Nicknames are not my thing. I grew up in the land of the diminutive; my dad still has a 64-year old neighbor who answers to Ronnie. I think true nicknames, which I define as what you’re called and answer to regardless of its relationship to your given name, must be an Ivy League, WASP-y thing.
I suppose such a blanket statement requires some evidence. I didn’t encounter nicknames as described above until I went to college. My roommate’s family, 6 kids and 2 parents, had 11 names between them. None of the males answered to the name on their driver license. My in-laws ply a variation: 3 generations of males with the same name and so each bears a unique, everyday moniker. Did I mention both these families have a direct line back to The Mayflower?
The New Yorker crew carries on this tradition. In fact, it’s there from the outset with ‘Joe’ Liebling and ‘Andy’ White. Currently we have ‘Sandy’ Frazier and, our subject today, ‘Bud’ Trillin. At least 3 of these 4 attended an Ivy. That’s the evidence, thin and circumstantial.
Since it’s almost impossible to ‘review’ Trillinin the traditional sense consider this a retrospective appreciation. My first encounter with Bud was Third Helpings, the final installment of what came to be known as The Tummy Trilogy. A bright yellow paperback with a black and white photo of a schlub in a Lou Grant hat, arms laden with bread and other comestibles, the book didn’t set high expectations. Was I ever wrong.
Trillin is a master of pulling off the hardest thing a writer can attempt: being funny. Think about this for a minute. On a sitcom or SNL writers bring their work to a team. The jokes are read aloud, polished and, most importantly, delivered by an actor with a particular style and sense of timing. Trillin sits alone and crafts it in his head; the joke is received in yours. Total disntermediation as the MBAs would say.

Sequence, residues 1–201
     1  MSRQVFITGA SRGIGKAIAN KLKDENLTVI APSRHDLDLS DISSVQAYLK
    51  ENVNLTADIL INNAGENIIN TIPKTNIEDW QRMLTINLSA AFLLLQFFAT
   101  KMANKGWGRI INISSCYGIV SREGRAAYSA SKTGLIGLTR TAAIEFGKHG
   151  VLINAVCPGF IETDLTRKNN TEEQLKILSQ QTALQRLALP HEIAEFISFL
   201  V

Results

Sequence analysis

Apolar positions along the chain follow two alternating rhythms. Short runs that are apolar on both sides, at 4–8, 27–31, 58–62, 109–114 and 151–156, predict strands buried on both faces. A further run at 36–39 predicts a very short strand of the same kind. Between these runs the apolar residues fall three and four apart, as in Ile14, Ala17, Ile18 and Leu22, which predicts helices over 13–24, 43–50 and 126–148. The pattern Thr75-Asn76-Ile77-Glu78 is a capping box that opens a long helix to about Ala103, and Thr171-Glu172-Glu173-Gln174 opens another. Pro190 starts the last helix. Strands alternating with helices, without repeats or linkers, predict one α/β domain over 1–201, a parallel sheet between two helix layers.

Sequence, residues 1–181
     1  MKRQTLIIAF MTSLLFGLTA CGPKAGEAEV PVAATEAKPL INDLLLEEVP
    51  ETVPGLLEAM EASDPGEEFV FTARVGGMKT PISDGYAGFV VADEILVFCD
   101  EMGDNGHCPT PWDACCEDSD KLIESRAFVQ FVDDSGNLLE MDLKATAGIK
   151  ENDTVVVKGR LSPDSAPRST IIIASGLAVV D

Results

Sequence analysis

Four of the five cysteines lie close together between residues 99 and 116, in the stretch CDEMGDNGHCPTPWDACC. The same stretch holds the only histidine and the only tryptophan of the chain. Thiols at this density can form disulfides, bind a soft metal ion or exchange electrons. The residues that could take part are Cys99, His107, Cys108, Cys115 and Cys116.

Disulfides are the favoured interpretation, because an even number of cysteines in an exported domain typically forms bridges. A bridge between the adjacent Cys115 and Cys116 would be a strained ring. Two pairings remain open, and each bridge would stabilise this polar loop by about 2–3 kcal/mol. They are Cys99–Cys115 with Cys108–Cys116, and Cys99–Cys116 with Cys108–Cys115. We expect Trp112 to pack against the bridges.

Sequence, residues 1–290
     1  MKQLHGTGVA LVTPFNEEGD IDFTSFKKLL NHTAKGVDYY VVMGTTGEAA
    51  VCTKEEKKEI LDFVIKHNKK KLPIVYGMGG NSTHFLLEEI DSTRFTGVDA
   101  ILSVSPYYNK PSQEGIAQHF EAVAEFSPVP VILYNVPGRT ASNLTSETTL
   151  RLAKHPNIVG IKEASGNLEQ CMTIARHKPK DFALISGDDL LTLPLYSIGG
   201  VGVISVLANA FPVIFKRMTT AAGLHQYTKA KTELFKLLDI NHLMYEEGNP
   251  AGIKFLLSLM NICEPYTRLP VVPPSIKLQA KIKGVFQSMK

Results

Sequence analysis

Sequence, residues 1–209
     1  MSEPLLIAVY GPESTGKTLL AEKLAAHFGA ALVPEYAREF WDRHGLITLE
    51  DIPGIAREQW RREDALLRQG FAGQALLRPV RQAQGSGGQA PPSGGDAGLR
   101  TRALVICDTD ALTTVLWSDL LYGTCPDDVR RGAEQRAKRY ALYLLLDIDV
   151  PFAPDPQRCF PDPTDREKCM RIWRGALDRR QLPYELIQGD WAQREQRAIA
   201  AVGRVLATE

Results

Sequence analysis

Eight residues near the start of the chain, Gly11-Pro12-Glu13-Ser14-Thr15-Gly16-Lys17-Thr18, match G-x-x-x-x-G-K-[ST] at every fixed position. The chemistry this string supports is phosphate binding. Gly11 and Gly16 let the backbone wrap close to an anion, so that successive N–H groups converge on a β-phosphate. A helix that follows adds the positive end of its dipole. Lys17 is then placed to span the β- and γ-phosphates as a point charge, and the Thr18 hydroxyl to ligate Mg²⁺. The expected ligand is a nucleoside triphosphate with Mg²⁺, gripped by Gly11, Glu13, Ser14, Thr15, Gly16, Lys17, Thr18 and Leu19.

There are a couple of reasons Trillin succeeds. First and foremost, he’s willing to be the butt of the joke. If a ridiculous statement is made, most likely the author is making it. Then there are the alter egos. They serve the purpose of saying even more absurd things. Plus, there are the hangers-on, a motley crew serving as foils or Greek chorus, that are drawn right from the Mike Royko playbook–Slats Grobnik, meet Fats Goldberg. The Trillin family serve, individually and collectively, as the straight women throughout.
Here’s the best part: Trillin isn’t just P.G. Wodehouse with American-sized appetites and a fixation on the next meal. The food writing is great: mouth-wateringly informative and funny. Bud is a true craftsman of the written word. His first book, An Education in Georgia, tells of the integration of the University of Georgia through the prism of the black youths making this history. He dabbles in politics as a regular in The Nation and a syndicated columnist as well. He’s done personal memoirs about a classmate, his father and wife that were quite touching. And he does long-form reportage, much of it on murder, evidently a source of fascination. See his book Killings for a bunch of the latter.
So what do you get with Family Man? Mostly the humour and the family. At this point in the journey it’s like a visit with old friends. Sure, we’ve heard some of this before. Maybe all of it. But who cares? Better to spend a few hours enjoying yourself than suffering through something good for you but painful.
As my mom would say, life’s too short.